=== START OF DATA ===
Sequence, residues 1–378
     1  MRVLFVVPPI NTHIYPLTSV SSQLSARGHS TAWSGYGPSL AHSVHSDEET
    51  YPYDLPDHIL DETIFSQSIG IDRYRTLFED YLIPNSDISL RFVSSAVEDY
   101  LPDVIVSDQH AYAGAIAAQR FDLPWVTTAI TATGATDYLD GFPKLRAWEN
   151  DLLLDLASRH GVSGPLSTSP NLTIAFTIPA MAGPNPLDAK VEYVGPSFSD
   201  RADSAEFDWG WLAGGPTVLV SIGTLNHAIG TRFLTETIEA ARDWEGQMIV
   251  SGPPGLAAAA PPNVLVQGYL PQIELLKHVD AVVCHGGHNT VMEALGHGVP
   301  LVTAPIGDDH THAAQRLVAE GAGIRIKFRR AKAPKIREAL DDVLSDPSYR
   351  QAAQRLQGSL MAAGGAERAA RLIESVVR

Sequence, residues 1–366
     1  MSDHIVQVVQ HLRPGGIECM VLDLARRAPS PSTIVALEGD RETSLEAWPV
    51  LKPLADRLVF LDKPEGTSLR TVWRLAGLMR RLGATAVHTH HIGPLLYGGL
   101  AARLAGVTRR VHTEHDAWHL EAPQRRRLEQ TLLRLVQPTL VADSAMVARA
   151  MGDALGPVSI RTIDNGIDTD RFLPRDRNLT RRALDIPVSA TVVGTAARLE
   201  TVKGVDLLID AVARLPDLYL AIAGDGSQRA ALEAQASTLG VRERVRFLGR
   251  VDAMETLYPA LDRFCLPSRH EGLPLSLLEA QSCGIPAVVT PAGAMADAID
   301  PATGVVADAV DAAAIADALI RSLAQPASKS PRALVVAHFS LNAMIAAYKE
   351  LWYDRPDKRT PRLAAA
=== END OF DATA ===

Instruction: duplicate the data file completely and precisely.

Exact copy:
Sequence, residues 1–378
     1  MRVLFVVPPI NTHIYPLTSV SSQLSARGHS TAWSGYGPSL AHSVHSDEET
    51  YPYDLPDHIL DETIFSQSIG IDRYRTLFED YLIPNSDISL RFVSSAVEDY
   101  LPDVIVSDQH AYAGAIAAQR FDLPWVTTAI TATGATDYLD GFPKLRAWEN
   151  DLLLDLASRH GVSGPLSTSP NLTIAFTIPA MAGPNPLDAK VEYVGPSFSD
   201  RADSAEFDWG WLAGGPTVLV SIGTLNHAIG TRFLTETIEA ARDWEGQMIV
   251  SGPPGLAAAA PPNVLVQGYL PQIELLKHVD AVVCHGGHNT VMEALGHGVP
   301  LVTAPIGDDH THAAQRLVAE GAGIRIKFRR AKAPKIREAL DDVLSDPSYR
   351  QAAQRLQGSL MAAGGAERAA RLIESVVR

Sequence, residues 1–366
     1  MSDHIVQVVQ HLRPGGIECM VLDLARRAPS PSTIVALEGD RETSLEAWPV
    51  LKPLADRLVF LDKPEGTSLR TVWRLAGLMR RLGATAVHTH HIGPLLYGGL
   101  AARLAGVTRR VHTEHDAWHL EAPQRRRLEQ TLLRLVQPTL VADSAMVARA
   151  MGDALGPVSI RTIDNGIDTD RFLPRDRNLT RRALDIPVSA TVVGTAARLE
   201  TVKGVDLLID AVARLPDLYL AIAGDGSQRA ALEAQASTLG VRERVRFLGR
   251  VDAMETLYPA LDRFCLPSRH EGLPLSLLEA QSCGIPAVVT PAGAMADAID
   301  PATGVVADAV DAAAIADALI RSLAQPASKS PRALVVAHFS LNAMIAAYKE
   351  LWYDRPDKRT PRLAAA